- European Central Bank council member Axel Weber said cutting the bank’s benchmark interest rate below 1 percent risks bringing the interbank money market to a standstill. (Bloomberg)
Key Reports (WSJ):
7:00 a.m. Mortgage Application Refinance Index: Previous: +3.2%.
8:30 a.m. Mar Consumer Price Index: Expected: -0.1%. Previous: +0.4%.
8:30 a.m. Mar Consumer Price Index, ex-food energy: Expected: +0.1%. Previous: +0.2%.
8:30 a.m. Apr Empire State Fed Manufacturing Survey: Expected: -35.5. Previous: -38.23.
9:00 a.m. Feb Tsy International Capital: Previous: -$60.9B.
9:15 a.m. Mar Industrial Production: Expected: -0.9%. Previous: -1.5%.
9:15 a.m. Mar Capacity Utilization: Expected: 69.6%. Previous: 70.2%.
10:30 a.m. U.S. Energy Dept Oil Inventories For Apr 10
1:00 p.m. Apr NAHB Housing Index: Previous: 9.
2:00 p.m. Federal Reserve Beige Book
"It’s income tax time again, Americans: time to gather up those receipts, get out those tax forms, sharpen up that pencil, and stab yourself in the aorta."
FX Trading – Deflation bite!
The risk appetite trade was progressing nicely until news of US deflation hit the wires. Maybe now those so-called analysts who believe inflation is solely about money will finally see the light. Nahhh….
The reason I say that is because I watch the parade of people on stage often at seminars where I speak. Most simply mouth the line that inflation is a monetary phenomenon and because the government has monetary spigots working 24/7 there MUST be inflation. “It has to be,” is there lament. Well, as all things in the economic world it doesn’t have to be.
Back to French economist Frederic Bastiat for help, “That Which is Seen, and That Which is Not Seen,”…
In the department of economy, an act, a habit, an institution, a law, gives birth not only to an effect, but to a series of effects. Of these effects, the first only is immediate; it manifests itself simultaneously with its cause – it is seen. The others unfold in succession – they are not seen: it is well for us, if they are foreseen. Between a good and a bad economist this constitutes the whole difference – the one takes account of the visible effect; the other takes account both of the effects which are seen, and also of those which it is necessary to foresee. Now this difference is enormous, for it almost always happens that when the immediate consequence is favourable, the ultimate consequences are fatal, and the converse. Hence it follows that the bad economist pursues a small present good, which will be followed by a great evil to come, while the true economist pursues a great good to come, – at the risk of a small present evil.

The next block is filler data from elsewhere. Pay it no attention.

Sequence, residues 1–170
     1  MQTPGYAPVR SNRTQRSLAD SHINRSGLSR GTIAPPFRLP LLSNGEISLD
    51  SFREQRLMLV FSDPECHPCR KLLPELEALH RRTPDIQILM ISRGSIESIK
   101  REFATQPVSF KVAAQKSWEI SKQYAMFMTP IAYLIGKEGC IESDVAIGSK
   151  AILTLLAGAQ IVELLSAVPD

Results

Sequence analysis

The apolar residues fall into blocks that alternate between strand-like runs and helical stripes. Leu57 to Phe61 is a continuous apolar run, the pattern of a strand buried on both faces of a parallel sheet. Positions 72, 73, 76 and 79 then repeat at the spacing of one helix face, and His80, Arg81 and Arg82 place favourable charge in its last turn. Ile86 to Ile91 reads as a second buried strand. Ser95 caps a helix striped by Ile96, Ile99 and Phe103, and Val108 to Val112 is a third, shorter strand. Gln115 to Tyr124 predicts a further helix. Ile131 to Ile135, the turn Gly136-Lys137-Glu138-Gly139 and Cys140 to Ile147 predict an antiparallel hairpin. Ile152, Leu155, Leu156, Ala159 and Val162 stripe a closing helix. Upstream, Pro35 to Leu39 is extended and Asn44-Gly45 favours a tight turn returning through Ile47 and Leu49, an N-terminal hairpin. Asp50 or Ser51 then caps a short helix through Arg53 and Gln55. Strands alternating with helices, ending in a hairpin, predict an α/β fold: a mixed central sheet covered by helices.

The armchair inflation analysts see money supply.
They don’t see credit destruction from trillions in toxic paper and bad loans, for credit doesn’t seem to enter the mindset of the average money supply analyst. And the armchair analyst doesn’t either see, or give much weight to, a thing called monetary velocity.
Effectively, monetary velocity measures the simulative effect of money. Think of it as the multiplier coupled with money supply; together they tend to help us see real spending hitting the real economy i.e. real money chasing real goods. If money velocity falls, as it does during recession (and as you can see in the chart above), it tends to neutralize the increase in money supply.
This is no normal recession, savings are being built as highlighted in yesterday’s quotable from Stephen Roach:
“Fortunately, the American consumer is smarter than the quick-fix Washington mindset. Shell-shocked families — especially some 77 million baby boomers for whom retirement planning is an urgent imperative — know they have no choice other than to save. The personal saving rate has risen from 0.8 percent to 4.2 percent in the past six months alone, and is on its way to a new post-bubble equilibrium that I would place in the 7.5 percent to 10 percent zone.”
Though we are not economists, nor pretend play one when on TV, we think this increased level of savings will tend to suppress the monetary velocity in the US economy for longer than expected and thus dampen inflation for longer than expected.
Though banks are getting the money…
..but they aren’t lending to real people…many don’t want it, and those that do are being rejected. Thus, credit, which is effective the demand for money to be spent on real goods, is also pressing down on the hopes and dreams of armchair money supply inflation theorists everywhere.
Will the weight of all this money one day hit the proverbial fan?
Maybe? But we think inflation fears are way over played until the US and global economy start to normalize.
Tomorrow we get a look at China’s GDP. What we haven’t factored into this discussion about inflation vs. deflation is the idea that in order to maintain some semblance of an export machine, China could effectively push down further the cost of final goods prices, which again plays into the deflation argument.
Central banks are worried. Otherwise why would they all be heading toward ZIRP (Zero Interest Rate Policy)? It worked so well for Japan, why not!
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